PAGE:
We are, Roger, forever in your debt. I hasten to add, though, that Roger, as already noted above, rarely wastes time functioning at the level of mathematical evidence. You will already have observed that none is given in his address. For him the on average allusion is a quite sufficient. To Roger Kerr, a dwelling on mathematical evidence is both the last first and last resort of a fool. What Roger Kerr relies on for his credibility is coruscating wit, profundity of insight, and Olympian delivery.
However, that is not the only wisdom to be gained from the paragraph so notably elevated by the reference to on average.
To introduce what he was saying, Roger Kerr said, ‘There was no shortage of evidence.’ So there you go. Who better to know?
No-one, I suggest, should even bother scratching around in research journals trying to find evidence to the contrary, or to quibble over tenuous arguments about research reliability and validity, or to establish whether such research even exists.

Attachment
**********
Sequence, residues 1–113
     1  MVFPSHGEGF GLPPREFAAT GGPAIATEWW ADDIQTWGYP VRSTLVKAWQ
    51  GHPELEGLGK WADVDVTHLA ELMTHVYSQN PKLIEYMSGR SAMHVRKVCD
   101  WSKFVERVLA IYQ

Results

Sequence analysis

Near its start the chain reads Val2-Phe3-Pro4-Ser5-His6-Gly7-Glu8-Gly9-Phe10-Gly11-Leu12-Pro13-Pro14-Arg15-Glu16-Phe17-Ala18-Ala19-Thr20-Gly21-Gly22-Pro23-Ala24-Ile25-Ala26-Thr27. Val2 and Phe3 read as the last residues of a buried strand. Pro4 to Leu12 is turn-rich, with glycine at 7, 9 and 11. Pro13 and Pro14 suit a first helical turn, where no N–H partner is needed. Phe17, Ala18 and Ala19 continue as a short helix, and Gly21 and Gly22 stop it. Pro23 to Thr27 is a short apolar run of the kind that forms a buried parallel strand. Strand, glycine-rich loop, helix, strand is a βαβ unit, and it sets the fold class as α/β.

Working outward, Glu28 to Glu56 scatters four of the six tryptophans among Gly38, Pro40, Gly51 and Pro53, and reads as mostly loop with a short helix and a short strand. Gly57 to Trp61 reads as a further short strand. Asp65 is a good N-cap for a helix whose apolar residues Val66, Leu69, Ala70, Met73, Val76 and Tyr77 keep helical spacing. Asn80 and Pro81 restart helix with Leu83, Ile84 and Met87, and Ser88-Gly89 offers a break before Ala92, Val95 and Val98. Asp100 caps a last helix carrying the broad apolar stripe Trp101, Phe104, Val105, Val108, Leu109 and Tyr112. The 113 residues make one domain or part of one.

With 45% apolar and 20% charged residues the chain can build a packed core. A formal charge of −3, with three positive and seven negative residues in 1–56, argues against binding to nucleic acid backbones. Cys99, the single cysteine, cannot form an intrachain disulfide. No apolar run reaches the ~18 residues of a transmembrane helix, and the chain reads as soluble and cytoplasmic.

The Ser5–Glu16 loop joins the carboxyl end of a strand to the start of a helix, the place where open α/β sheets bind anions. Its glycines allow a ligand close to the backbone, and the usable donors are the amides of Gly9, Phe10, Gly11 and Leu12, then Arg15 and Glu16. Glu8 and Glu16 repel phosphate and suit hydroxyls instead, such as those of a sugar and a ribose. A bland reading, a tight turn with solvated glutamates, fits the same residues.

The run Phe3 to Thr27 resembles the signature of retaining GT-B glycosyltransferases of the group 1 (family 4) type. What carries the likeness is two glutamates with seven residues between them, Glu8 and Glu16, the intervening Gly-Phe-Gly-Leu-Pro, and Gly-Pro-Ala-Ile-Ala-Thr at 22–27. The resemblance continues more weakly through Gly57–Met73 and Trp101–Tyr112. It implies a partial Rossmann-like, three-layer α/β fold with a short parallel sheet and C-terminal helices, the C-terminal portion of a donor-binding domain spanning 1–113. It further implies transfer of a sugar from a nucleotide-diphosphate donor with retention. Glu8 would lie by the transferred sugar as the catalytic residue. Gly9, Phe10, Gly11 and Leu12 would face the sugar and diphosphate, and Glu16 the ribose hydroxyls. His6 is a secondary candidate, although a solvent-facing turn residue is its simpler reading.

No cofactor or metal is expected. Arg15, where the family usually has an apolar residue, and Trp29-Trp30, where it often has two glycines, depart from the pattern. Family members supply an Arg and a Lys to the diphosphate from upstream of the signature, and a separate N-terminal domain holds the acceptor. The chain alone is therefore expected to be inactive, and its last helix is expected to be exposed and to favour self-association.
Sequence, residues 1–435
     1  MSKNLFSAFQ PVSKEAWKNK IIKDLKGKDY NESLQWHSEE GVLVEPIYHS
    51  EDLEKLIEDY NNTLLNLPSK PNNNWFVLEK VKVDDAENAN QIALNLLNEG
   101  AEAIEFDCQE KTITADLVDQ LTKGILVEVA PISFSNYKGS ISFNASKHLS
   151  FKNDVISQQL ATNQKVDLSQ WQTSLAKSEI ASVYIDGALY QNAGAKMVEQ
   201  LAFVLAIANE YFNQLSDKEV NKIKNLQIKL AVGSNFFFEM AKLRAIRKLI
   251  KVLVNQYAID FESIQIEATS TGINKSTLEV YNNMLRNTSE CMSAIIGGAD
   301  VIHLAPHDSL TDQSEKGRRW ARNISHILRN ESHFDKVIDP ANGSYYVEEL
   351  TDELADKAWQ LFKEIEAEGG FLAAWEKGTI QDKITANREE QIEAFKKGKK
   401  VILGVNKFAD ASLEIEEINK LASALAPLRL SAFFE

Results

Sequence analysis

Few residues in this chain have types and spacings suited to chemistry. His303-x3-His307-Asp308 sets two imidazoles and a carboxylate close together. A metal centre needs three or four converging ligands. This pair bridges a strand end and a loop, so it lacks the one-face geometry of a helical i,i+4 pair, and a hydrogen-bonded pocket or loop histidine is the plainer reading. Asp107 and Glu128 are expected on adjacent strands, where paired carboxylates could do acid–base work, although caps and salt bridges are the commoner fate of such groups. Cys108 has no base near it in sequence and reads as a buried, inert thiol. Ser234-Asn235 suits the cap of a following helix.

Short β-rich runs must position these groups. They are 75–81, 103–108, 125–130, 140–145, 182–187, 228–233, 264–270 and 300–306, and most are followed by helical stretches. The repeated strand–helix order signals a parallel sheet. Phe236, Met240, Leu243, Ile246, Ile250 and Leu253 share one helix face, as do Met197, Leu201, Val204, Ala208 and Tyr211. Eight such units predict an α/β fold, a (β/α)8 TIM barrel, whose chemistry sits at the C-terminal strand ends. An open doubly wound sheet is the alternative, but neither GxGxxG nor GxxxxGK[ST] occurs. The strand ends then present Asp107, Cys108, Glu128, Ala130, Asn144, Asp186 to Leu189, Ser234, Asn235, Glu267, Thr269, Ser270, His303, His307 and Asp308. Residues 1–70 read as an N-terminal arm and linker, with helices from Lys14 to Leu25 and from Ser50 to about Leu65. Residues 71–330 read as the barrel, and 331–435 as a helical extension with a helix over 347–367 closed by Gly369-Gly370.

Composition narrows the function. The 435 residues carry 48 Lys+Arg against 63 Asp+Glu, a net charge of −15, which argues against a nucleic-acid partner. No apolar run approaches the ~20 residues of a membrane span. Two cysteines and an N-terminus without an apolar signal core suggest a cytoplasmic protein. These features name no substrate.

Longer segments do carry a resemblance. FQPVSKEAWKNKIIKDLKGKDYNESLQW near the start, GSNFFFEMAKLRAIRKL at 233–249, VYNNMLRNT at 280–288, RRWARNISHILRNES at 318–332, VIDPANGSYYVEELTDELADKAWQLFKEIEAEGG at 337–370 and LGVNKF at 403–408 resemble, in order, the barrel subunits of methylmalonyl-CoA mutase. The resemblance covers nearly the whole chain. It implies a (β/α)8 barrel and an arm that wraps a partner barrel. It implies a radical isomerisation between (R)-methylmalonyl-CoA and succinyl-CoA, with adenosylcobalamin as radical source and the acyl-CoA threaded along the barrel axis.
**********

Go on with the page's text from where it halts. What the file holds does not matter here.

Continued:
Roger has said there is ‘no shortage of evidence’, and that is where the matter should rest.
After all, commonsense tells us Roger is right. (The way his insights generate a profusion of commonsense intuitions being a further attestation to his brilliance).
Take Kings College, for instance. It is a South Auckland school and a private one – its examination results are far superior to the neighbouring South Auckland state school of Otahuhu. If you take a number of private schools like Kings College, and a number of state schools like Otahuhu, on average (it never fails to thrill), the private schools will have better examination results than state ones. Game, set, and match.